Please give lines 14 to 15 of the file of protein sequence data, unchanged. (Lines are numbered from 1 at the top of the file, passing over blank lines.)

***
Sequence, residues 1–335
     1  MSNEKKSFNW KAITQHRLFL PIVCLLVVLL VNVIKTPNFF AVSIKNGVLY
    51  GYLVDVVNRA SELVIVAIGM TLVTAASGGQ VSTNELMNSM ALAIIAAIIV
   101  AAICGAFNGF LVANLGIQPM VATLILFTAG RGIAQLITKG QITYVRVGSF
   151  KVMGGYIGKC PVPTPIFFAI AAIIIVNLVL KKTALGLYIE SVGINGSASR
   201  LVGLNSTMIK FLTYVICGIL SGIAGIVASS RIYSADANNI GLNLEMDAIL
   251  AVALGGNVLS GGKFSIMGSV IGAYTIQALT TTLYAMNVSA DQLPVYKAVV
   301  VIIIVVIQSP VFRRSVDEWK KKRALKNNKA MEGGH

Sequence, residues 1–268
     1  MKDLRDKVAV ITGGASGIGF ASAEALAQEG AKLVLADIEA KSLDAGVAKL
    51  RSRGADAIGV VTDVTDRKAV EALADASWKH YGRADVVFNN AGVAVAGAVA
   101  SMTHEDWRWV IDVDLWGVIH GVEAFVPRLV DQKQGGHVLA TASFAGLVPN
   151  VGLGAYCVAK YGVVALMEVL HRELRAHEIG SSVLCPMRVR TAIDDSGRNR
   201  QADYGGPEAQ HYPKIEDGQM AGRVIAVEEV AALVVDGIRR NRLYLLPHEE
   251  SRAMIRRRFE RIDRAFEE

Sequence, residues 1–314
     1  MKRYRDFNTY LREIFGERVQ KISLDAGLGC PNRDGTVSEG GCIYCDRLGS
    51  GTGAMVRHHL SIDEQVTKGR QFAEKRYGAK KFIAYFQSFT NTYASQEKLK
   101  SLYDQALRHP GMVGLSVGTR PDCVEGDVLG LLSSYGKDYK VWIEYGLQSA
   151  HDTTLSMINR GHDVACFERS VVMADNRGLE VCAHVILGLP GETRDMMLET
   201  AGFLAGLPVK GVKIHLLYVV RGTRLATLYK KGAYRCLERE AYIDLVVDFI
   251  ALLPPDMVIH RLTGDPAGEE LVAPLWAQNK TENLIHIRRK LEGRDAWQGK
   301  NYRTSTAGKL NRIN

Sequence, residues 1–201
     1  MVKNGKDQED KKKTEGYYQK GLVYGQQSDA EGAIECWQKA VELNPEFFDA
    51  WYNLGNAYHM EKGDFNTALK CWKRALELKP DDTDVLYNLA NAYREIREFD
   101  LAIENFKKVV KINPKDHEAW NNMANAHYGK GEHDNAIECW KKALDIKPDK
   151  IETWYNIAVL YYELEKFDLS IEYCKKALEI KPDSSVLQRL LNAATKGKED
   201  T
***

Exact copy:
   201  QADYGGPEAQ HYPKIEDGQM AGRVIAVEEV AALVVDGIRR NRLYLLPHEE
   251  SRAMIRRRFE RIDRAFEE